Railroad Stocks on a Faster Track
06/09/2009 12:01 am EST
Bellwether Canadian carrier CN Railway is looking good, if not quite as good as Burlington Northern, writes Tom Slee in the Internet Wealth Builder.
Canadian National Railway (TSX: CNR, NYSE: CNI) is generally regarded as the major Canadian bellwether stock, so there was widespread relief when the company's first-quarter earnings beat expectations. Operating profit came in at 64 cents a share, compared to 62 cents in 2008 and a shade above the 61-cent consensus forecast. The numbers were nothing to write home about, but they could have been a lot worse. Rival Canadian Pacific (TSX: CP, NYSE: CP) reported a 31% dip in first-quarter earnings.
That, however, is just about the end of the good news. First-quarter revenues were down 4% year over year, and chief executive officer Hunter Harrison protected his bottom line by running fewer trains and cutting discretionary expenses. Earnings were also helped by a 41% drop in fuel costs.
[But] let's face it: The company lost momentum during the first quarter, and net cash flow fell 6% to $480 million. The all-important operating ratio (the percentage of revenues used to operate the system) deteriorated 1.2 percentage points to 74.1%. That is still the best in the industry (CP has an 87% operating ratio), but we tend to set the bar high for CN.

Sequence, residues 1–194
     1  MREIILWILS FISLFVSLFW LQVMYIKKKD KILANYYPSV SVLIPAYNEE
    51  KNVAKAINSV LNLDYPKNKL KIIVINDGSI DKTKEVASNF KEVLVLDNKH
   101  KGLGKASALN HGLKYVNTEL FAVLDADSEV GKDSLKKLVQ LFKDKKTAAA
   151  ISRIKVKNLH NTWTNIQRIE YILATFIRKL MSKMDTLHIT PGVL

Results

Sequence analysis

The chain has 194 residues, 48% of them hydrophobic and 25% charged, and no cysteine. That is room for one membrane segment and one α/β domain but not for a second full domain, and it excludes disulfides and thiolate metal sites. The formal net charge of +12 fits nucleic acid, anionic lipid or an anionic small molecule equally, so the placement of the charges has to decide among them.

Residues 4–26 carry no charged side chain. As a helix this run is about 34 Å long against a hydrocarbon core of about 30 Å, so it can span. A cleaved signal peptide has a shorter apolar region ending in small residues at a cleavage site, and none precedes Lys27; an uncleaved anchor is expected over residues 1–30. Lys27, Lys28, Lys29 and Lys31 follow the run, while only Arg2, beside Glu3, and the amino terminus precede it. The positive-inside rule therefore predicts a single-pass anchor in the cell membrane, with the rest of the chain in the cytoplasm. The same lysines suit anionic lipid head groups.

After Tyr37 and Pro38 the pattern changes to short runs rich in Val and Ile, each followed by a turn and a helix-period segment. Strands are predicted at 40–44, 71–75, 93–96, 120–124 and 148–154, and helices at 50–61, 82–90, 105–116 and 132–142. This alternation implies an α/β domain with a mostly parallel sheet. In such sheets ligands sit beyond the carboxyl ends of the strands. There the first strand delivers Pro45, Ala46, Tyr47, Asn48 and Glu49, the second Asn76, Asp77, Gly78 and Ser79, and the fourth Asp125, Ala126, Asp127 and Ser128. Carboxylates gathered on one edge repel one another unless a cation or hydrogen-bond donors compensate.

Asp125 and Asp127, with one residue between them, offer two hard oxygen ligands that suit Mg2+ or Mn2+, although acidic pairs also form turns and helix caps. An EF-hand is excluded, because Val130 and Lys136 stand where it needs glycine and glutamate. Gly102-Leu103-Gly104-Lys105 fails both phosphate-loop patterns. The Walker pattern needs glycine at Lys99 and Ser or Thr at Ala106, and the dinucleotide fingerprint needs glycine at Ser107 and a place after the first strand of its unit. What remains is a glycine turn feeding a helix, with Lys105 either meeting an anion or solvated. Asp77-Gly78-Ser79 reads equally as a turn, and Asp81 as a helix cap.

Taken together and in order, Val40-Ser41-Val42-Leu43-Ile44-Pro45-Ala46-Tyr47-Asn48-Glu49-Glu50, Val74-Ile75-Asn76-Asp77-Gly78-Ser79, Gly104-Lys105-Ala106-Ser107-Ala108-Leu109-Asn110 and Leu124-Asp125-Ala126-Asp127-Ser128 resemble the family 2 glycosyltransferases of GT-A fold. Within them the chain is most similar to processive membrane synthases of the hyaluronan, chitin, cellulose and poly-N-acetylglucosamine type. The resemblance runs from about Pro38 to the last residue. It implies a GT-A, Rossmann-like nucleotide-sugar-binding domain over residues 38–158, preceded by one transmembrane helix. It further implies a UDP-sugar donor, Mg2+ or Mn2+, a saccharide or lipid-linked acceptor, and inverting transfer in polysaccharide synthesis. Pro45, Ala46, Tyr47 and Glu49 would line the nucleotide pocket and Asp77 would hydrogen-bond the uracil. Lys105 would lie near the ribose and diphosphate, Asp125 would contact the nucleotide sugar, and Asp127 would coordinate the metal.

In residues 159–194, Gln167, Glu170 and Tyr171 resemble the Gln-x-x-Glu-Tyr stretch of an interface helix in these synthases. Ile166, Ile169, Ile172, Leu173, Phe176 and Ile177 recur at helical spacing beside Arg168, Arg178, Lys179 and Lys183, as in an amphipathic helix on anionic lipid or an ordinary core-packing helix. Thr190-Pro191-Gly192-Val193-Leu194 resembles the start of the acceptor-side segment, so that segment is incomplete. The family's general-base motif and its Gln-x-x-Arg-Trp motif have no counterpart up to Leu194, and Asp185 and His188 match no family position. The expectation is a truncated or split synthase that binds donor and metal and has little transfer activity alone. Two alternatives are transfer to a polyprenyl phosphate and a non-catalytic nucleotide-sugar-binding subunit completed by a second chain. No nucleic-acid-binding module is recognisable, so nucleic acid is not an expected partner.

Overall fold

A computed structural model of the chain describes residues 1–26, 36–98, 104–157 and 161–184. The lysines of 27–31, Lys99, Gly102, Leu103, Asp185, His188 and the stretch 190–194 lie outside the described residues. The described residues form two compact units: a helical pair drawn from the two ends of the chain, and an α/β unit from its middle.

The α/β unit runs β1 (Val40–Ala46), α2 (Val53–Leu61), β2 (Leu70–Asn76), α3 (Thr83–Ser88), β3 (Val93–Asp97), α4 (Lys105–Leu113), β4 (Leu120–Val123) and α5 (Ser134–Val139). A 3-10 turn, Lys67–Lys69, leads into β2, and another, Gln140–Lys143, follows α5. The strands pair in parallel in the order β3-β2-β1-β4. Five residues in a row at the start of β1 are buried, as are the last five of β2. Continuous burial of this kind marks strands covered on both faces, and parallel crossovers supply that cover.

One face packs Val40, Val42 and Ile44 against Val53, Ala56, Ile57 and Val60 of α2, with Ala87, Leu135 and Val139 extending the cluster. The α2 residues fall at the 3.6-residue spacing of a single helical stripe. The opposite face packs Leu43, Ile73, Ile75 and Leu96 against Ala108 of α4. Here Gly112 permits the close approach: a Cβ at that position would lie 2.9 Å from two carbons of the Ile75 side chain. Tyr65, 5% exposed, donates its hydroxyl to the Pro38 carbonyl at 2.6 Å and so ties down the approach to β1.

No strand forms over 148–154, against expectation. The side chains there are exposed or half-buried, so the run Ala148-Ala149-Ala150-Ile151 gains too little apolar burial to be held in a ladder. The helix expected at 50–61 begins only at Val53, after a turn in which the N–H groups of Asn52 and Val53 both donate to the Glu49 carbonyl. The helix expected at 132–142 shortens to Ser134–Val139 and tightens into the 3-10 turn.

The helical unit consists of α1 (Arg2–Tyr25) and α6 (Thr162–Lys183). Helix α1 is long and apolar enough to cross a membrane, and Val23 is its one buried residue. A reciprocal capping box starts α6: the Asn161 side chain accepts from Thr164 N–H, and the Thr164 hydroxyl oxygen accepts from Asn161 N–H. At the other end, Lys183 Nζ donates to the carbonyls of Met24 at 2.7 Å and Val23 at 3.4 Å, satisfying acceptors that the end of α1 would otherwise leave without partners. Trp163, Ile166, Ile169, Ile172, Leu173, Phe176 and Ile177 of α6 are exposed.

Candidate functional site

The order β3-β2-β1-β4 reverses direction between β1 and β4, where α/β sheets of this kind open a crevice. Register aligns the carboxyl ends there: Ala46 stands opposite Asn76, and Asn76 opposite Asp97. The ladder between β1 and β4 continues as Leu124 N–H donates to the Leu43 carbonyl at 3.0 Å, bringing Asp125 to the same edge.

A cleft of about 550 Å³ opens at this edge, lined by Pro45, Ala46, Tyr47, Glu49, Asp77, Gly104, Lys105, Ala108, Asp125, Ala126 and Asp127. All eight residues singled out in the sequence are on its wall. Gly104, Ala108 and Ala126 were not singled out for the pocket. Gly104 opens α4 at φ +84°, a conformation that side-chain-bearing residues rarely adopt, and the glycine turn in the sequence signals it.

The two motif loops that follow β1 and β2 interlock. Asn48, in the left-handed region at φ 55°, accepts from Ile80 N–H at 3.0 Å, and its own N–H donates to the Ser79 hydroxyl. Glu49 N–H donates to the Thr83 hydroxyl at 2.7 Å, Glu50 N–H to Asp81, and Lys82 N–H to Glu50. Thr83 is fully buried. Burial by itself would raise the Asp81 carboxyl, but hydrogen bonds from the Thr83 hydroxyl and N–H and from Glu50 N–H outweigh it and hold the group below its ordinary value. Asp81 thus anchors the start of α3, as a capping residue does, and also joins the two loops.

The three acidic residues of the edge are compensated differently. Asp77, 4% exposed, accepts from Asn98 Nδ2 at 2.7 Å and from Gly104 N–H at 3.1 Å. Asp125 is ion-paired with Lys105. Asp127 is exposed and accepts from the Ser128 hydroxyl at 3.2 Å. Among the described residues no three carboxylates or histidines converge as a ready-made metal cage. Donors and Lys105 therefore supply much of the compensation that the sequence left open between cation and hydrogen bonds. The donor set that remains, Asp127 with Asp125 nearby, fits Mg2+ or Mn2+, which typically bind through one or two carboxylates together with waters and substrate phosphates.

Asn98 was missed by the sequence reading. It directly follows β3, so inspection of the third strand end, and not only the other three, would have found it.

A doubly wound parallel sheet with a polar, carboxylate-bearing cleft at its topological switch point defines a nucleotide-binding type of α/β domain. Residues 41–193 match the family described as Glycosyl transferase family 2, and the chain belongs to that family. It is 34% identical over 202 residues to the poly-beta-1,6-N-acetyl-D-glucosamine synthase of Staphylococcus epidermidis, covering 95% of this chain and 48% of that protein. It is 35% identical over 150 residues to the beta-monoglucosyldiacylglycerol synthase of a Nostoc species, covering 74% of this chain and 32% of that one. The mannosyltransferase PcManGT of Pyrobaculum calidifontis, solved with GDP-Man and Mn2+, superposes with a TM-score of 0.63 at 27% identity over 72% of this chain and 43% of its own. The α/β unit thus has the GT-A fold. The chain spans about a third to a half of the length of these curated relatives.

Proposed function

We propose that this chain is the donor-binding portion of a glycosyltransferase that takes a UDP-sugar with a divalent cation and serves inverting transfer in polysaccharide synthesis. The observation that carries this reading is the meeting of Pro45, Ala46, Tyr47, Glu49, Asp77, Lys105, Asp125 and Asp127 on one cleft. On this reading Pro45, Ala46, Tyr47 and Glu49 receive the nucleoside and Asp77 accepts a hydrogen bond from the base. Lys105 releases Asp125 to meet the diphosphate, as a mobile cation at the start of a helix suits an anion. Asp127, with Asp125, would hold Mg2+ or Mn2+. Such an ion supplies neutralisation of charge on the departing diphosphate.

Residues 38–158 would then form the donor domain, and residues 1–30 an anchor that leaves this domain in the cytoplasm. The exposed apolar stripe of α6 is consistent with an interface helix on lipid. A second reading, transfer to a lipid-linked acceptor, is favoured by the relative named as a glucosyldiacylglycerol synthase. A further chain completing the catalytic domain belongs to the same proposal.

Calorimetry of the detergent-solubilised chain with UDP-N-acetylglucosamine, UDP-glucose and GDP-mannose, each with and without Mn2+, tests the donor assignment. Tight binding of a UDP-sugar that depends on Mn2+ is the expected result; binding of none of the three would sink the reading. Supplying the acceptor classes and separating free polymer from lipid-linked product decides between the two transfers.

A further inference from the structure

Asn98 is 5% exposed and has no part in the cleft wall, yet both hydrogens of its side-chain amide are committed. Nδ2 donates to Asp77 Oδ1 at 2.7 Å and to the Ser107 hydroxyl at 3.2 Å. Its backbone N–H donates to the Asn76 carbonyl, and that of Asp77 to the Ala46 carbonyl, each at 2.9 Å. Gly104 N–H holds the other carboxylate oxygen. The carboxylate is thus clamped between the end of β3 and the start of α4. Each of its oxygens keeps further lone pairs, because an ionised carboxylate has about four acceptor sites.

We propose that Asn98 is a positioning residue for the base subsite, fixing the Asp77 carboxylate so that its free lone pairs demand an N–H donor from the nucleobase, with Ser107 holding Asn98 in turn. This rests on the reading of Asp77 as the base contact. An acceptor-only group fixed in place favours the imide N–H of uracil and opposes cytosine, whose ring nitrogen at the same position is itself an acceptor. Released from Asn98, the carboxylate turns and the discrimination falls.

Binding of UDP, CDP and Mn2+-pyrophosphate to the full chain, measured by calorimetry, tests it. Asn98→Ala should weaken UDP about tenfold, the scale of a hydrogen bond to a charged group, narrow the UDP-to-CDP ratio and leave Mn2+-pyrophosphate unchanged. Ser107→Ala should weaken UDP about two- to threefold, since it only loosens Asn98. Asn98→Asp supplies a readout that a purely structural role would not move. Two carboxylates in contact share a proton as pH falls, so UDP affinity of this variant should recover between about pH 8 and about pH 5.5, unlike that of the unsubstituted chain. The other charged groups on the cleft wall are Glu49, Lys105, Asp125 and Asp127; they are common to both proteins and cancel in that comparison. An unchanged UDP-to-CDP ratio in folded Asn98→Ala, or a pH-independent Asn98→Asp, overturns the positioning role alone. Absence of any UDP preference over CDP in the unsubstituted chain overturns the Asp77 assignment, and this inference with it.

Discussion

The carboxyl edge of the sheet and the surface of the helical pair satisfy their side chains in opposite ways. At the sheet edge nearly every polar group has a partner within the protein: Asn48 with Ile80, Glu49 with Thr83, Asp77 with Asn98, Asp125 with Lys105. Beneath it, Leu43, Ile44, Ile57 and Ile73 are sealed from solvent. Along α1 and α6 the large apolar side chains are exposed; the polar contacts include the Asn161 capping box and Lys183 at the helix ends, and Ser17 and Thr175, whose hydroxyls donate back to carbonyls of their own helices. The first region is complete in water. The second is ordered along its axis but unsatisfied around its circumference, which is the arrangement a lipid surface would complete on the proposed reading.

Looking ahead, everything hinges on shipping volumes, and right now all North American railways are feeling the pinch. Carload traffic is down 18% this year and, based on most economic forecasts, it's likely to remain flat into the third and fourth quarters. I think that CN is weathering the storm well and could earn $3.60 a share in 2009 followed by an increase to the $4.30 range next year.
Of course, if the Canadian recession deepens or becomes more protracted, I may have to [lower] those projections. My more immediate concern is that the stock has strengthened recently and now has one of the highest multiples amongst the railroads [Shares closed at $43.90 in New York Monday, for a trailing price/earnings ratio of 11.6—Editor.] Investors may be unwilling to pay much more for anticipated earnings growth in these difficult times. So while CN remains a Buy for long-term investors at current levels, Burlington Northern (NYSE: BNI) is my preferred choice in the industry.
BNI is performing better during the downturn than many analysts expected, and is well positioned to generate above-average revenue and earnings growth once the recovery gets under way. Its exposure to the long-haul coal, grain, and intermodal markets should pay off. All things considered, we could see earnings of about $5.60 a share in 2009, a decline from $6.33 a share last year, followed by a rebound to the $7.00 range in 2010. At the current price, the stock is not reflecting even this relatively cautious outlook. [Shares closed at $76.89 in New York Monday, up 6% since Mr. Slee's recommendation—Editor.]
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